Interventional Procedures of the Spine

309 Interventional Procedures of the Spine Fernando Ruiz Santiago, MD, PhD1 Dimitrios K. Filippiadis, MD, PhD2 Alexis Kelekis, MD, PhD, EBIR2 1 Dep...
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Interventional Procedures of the Spine Fernando Ruiz Santiago, MD, PhD1 Dimitrios K. Filippiadis, MD, PhD2

Alexis Kelekis, MD, PhD, EBIR2

1 Department of Radiology, Hospital of Traumatology, Granada, Spain 2 2nd Radiology Department, University General Hospital “ATTIKON,”

Athens, Greece

Luis Guzmàn Álvarez, MD, PhD1

Address for correspondence Fernando Ruiz Santiago, MD, PhD, Department of Radiology, Hospital of Traumatology, Carretera de Jaen SN, Granada, 18013, Spain (e-mail: [email protected]).

Semin Musculoskelet Radiol 2014;18:309–317.

Abstract Keywords

► spine ► interventional radiology ► imaging guidance

Different interventional procedures performed under imaging guidance permit the diagnosis and treatment of the many causes of back pain. Sources of pain amenable to be treated include facet joints, vertebral body, intervertebral disk, and paraspinal structures including nerves and ganglion roots. These procedures may be merely diagnostic, therapeutic, or intended for both purposes. We review the main indications, advantages, and complications of these techniques.

Interventional radiology can be used to diagnose and treat many pathologic processes of the spine that may cause back pain or dysfunction. Although some procedures can be performed based on physical anatomical landmarks, it is safer and more accurate when performed under imaging guidance, mainly by fluoroscopy, computed tomography (CT), or magnetic resonance imaging (MRI). These procedures can be merely diagnostic, diagnostic and therapeutic, or only therapeutic.1 All of these techniques have to be performed under a rigorous sterile protocol. Antibiotic prophylaxis is recommended in the most complicated procedures such as vertebroplasty, thermal ablation, procedures of the intervertebral disk, and in immunosuppressed patients, even in minor interventions. Contraindications include local or systemic infection, uncorrected coagulopathy, allergy to any of the medication used, or a patient who is unwilling to provide informed consent.2 We describe them in the following order: facet joints, vertebrae and disk procedures, and general procedures (myelography, and abscess and fluid drainage).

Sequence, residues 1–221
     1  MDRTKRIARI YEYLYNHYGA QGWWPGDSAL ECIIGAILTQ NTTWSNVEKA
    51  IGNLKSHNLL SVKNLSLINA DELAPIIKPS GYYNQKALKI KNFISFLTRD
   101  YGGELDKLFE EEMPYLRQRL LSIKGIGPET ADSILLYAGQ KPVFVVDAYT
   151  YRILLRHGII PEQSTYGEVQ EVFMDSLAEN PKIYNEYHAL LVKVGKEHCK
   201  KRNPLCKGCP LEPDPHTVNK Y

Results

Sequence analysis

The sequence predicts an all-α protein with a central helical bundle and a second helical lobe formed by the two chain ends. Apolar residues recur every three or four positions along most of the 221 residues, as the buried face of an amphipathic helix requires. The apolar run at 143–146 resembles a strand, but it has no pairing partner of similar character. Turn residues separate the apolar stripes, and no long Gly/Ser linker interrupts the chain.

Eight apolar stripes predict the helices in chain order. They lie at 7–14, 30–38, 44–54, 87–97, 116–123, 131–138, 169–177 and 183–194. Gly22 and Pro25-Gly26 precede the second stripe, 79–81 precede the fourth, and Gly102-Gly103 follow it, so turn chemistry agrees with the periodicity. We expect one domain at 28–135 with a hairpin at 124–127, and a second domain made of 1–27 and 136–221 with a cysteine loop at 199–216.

Facet Joints Infiltrations Facet joints are frequently affected by osteoarthritis; imaging findings include joint space narrowing, intra-articular vacuum phenomenon/fluid, osteophytes, synovial cyst formation, and ligamentum flavum thickening.3 Patients complain of local paralumbar tenderness (radiating to the thigh, the iliac crest, and rarely to the groin). This pain or tenderness is usually worse when waking up from bed or trying to stand after

Issue Theme Spine; Guest Editor, Mara Epermane, MD

prolonged sitting and could be exacerbated upon pressure, hyperextension, torsion, and lateral bending of the spine. Imaging-guided infiltrations can either be combined with a conservative therapy course or solely performed as an intermediate step prior to other therapeutic options (percutaneous ablation or surgical options).2 The injectate in the vast majority of cases contains a long-acting corticosteroid mixed with a local anesthetic; sodium hyaluronate solutions or ozone have been tested as well.4,5 Facet joint infiltrations are performed under imaging guidance with a direct percutaneous posterolateral access to the articulation by means of a 22G spinal needle. Proper needle positioning is verified with contrast medium injection (►Fig. 1). Moderate evidence exists for facet joints infiltrations. However, the high success rates of the technique (59–94% immediate and 27–54% long-term pain relief) are directly related to proper patient selection.2 Furthermore, in the thoracic and lumbar spine, facet joint infiltrations can be performed as a diagnostic test(s) to verify the controlled joint as a (pain) source of back pain. The evidence for therapeutic cervical intra-articular injections is limited and lacking at the dorsal level.6 Alternative minimally invasive therapies include median nerve block, radiofrequency (RF) ablation of the medial branch nerves of the dorsal rami innervating each facet, and MRI-guided high-intensity focused ultrasound.7,8